Is the article text stolen? (3, Interesting)

the_unknown_soldier (675161) | about 7 years ago | (#19627607)

Read this [engadget.com] . that's an amazing coincidence!

Re:Is the article text stolen? (3, Interesting)

figleaf (672550) | about 7 years ago | (#19628221)

Engadget did credit the source. Using this logic Slashdot also stole the text.

Re:Is the article text stolen? (1)

the_unknown_soldier (675161) | about 7 years ago | (#19632527)

No. Read the source engadget quotes, it is completely different text. The article summary is stolen directly from text written by an engadget editor.

Trio of sizes? (5, Interesting)

LiquidCoooled (634315) | about 7 years ago | (#19627613)

Metric conversions seem a bit 'odd' on both the article and the proper page:

Dimensions:

        * Small: 150x400 cm (59x157 inches).
        * Medium: 150x400 cm (59x197 inches).
        * Large: 150x400 cm (59x236 inches).

Re:Trio of sizes? (0)

Anonymous Coward | about 7 years ago | (#19627631)

Looks small medium and large to me, anyone?

Dinner tables are usually the same width and different lengths
unless its a circle, wonder if you can trim these things :)

Re:Trio of sizes? (2, Funny)

orangesquid (79734) | about 7 years ago | (#19627703)

Only in the imperial-size US. Here, tables are 59" wide and have a variety of lengths. In the rest of the world, it's sort of a "one-size-fits-all" mentality, leading to S/M/L tables that are not only all 150cm wide, but all 400cm long as well. ;)

Re:Trio of sizes? (5, Funny)

mangu (126918) | about 7 years ago | (#19627725)

* Small: 150x400 cm (59x157 inches).
* Medium: 150x400 cm (59x197 inches).
* Large: 150x400 cm (59x236 inches).


I guess inches come in three sizes:
*small inches are 2.54 cm
*medium inches are 2.03 cm
*large inches are 1.69 cm


You see, small is large and large is small. This makes sense, well, at least as much sense as anyting else related to medieval measurement systems.

Re:Trio of sizes? (1)

laejoh (648921) | about 7 years ago | (#19628329)

That's what I tell all the girls who say I'm not well endowed!

Re:Trio of sizes? (-1, Flamebait)

Anonymous Coward | about 7 years ago | (#19628579)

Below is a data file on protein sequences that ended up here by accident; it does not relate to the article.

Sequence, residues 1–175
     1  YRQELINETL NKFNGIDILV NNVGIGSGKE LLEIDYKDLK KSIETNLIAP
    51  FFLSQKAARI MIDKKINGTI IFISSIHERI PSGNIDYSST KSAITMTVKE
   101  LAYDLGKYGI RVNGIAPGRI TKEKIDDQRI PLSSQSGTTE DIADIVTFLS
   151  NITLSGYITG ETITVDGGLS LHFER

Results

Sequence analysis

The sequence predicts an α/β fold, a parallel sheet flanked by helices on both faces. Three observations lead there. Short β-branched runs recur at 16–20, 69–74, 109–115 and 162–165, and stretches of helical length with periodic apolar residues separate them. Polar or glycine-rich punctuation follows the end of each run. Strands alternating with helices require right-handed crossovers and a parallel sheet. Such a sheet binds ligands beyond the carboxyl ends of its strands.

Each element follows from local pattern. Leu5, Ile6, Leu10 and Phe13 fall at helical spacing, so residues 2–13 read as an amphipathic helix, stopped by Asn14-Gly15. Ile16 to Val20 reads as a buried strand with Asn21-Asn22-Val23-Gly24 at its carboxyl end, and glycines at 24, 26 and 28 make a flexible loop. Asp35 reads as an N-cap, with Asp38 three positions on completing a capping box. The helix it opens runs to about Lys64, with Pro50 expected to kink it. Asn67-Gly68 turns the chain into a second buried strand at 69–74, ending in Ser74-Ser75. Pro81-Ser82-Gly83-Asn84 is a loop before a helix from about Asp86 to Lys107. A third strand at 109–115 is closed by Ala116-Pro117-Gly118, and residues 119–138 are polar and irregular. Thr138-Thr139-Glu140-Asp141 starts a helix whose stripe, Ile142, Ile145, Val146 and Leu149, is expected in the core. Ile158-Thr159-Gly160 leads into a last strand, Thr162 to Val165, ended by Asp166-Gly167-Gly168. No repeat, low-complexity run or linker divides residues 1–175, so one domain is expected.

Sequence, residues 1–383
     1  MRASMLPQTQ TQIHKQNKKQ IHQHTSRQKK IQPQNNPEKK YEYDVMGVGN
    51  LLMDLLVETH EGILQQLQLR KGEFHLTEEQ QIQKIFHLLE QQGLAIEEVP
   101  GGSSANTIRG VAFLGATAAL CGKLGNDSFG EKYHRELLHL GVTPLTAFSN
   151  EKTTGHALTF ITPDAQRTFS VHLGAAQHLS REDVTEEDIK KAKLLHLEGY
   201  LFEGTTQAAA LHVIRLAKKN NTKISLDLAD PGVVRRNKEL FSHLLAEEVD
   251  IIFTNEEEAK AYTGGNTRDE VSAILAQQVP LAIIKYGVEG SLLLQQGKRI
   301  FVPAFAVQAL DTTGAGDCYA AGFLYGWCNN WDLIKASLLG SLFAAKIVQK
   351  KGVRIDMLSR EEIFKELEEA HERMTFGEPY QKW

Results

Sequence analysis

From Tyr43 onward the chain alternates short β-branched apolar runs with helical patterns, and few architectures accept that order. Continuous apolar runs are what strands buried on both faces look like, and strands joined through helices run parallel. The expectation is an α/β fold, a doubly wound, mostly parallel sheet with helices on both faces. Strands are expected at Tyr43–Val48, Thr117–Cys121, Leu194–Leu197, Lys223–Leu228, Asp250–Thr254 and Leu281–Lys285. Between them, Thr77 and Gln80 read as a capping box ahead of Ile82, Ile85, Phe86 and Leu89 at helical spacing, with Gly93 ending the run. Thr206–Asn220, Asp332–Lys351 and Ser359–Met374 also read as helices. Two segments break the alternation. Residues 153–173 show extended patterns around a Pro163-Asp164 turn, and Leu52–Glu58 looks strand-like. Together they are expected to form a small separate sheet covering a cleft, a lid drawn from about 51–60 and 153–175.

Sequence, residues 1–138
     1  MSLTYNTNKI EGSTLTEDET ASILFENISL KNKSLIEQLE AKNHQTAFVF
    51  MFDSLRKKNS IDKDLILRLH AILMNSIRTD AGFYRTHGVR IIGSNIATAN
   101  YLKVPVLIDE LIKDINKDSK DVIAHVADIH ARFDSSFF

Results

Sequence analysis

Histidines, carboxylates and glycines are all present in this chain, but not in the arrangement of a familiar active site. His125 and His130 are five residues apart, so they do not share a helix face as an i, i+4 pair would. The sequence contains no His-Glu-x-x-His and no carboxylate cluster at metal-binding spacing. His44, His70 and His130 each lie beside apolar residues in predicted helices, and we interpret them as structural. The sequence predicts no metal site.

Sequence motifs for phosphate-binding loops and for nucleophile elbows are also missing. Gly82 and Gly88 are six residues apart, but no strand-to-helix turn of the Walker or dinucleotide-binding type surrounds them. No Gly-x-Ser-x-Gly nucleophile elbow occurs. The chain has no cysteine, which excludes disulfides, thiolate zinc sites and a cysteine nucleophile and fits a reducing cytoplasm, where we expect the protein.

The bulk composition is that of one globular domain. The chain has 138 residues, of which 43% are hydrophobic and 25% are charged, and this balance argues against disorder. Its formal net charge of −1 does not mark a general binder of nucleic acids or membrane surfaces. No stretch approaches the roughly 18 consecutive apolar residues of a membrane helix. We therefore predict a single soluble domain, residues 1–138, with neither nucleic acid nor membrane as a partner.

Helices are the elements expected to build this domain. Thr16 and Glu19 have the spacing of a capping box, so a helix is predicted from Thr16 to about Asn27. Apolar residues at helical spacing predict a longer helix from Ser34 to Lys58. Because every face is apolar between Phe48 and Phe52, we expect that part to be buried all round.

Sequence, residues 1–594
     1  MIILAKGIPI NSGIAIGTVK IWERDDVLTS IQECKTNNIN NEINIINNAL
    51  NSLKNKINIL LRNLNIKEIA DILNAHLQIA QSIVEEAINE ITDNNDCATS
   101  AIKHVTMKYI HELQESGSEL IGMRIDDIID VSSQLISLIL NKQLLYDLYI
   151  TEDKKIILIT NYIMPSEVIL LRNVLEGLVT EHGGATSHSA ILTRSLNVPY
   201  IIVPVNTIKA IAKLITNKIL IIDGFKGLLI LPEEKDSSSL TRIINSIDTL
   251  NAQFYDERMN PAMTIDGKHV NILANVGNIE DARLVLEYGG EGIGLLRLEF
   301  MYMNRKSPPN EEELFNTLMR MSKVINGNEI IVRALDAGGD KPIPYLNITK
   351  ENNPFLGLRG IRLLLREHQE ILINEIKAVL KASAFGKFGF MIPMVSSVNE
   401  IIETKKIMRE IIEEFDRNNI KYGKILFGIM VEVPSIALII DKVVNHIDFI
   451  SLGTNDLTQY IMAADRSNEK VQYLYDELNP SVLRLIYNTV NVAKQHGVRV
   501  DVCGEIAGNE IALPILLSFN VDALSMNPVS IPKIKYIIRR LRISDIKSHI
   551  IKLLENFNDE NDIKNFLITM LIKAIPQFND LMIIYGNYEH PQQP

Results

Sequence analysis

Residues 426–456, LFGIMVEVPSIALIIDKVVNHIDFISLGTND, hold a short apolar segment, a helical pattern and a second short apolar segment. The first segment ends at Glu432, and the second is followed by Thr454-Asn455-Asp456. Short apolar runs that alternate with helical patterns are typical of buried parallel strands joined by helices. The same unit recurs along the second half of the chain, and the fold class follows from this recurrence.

Wow. A measurement bigot. Eurotrash, I suspect.

Re:Trio of sizes? (1)

xSacha (1000771) | about 7 years ago | (#19635539)

No,it's just if you use a medieval measurement system, you get larger sizes than if you use metric. So the large/medium one is actually larger if you live in a country (USA) that uses imperial. Metric people buy the product based on what the size is called, not what the actual size is (they are all the same for them). Perhaps this is why all these fast food places have no 'small' and jump straight to medium and large serving sizes?

Re:Trio of sizes? (0)

Anonymous Coward | about 7 years ago | (#19639449)

I guess centimeters come in 4 sizes:
  • small centimeters are 0.394 inches
  • powerpoint centimeters [blogspot.com] are 0.417 inches
  • medium centimeters are 0.493 inches
  • large centimeters are 0.592 inches
Whose measuring system is stupid now, huh?

Re:Trio of sizes? (1)

Bibz (849958) | about 7 years ago | (#19629165)

Actually the real sizes are :

        * Small: 150x400 cm.
        * Medium: 150x500 cm.
        * Large: 150x600 cm.

By the way the price for the small one is 949.00 Euro. Add 200 EUR for medium and 400 for the large one.

Re:Trio of sizes? (0)

Anonymous Coward | about 7 years ago | (#19631643)

That's what I love about the metric system, it's universal. See 400cm could equal any number of inches. It's the best feature of metric measurements and conversion between Imperial and Metric measurements.

Small... (1)

gidds (56397) | about 7 years ago | (#19647907)

...Is The New Big.

Skip the blogspam and go to the source (2, Informative)

fotbr (855184) | about 7 years ago | (#19627617)

Re:Skip the blogspam and go to the source (1)

ElGanzoLoco (642888) | about 7 years ago | (#19627851)

Ghhaaaahhh!!! MY EYES!! MY EYES!!

Seriously, who the hell designed this website? Or haven't they updated it since 1995?

Re:Skip the blogspam and go to the source (1)

Firehed (942385) | about 7 years ago | (#19631901)

Looks like they had someone with some sort of colorblindness hit up an osCommerce stylesheet.

News for nerds, indeed (1)

ghoti (60903) | about 7 years ago | (#19627623)

Martha Stewart would be proud!

My hobby (0)

Anonymous Coward | about 7 years ago | (#19627705)

Great! [google.com]

WTF is this doing on Slashdot? (3, Funny)

6Yankee (597075) | about 7 years ago | (#19627711)

Tacky. No digg.

Re:WTF is this doing on Slashdot? (1)

tsa (15680) | about 7 years ago | (#19627847)

I felt the same. As with all the lists that appear on /. more and more these days. Please editors, try to stay a news site, not a 'Wow look at this, this is sooooo cooooool' site! We have Digg for that.

Re:WTF is this doing on Slashdot? (1)

vakuumkatten (1119503) | about 7 years ago | (#19627917)

I have to second this. Don't turn /. into a gadget blog please. This stuff is far from befitting /.

Re:WTF is this doing on Slashdot? (1)

cool_arrow (881921) | about 7 years ago | (#19627971)

I agree. We need a ./ BS filter. Oh yeah, that's the moderators job.

Enough with the fucking Slashvertising (0, Flamebait)

Sunburnt (890890) | about 7 years ago | (#19627745)

How in hell does a marketing press release from luxurylaunches.com count as "News for Nerds?" When this thing makes some sort of actual news ("SCO outfits conference rooms with ridiculous table coverings, raging inferno ensues"), then perhaps a spot on the front page is merited.

Just what I want... (1)

Wireless Joe (604314) | about 7 years ago | (#19627789)

...to eat dinner with everyone up-lit like Citizen Kane. The tech is cool, but I could think of better uses. Sheets, anyone?

Re:Just what I want... (1)

LBt1st (709520) | about 7 years ago | (#19628997)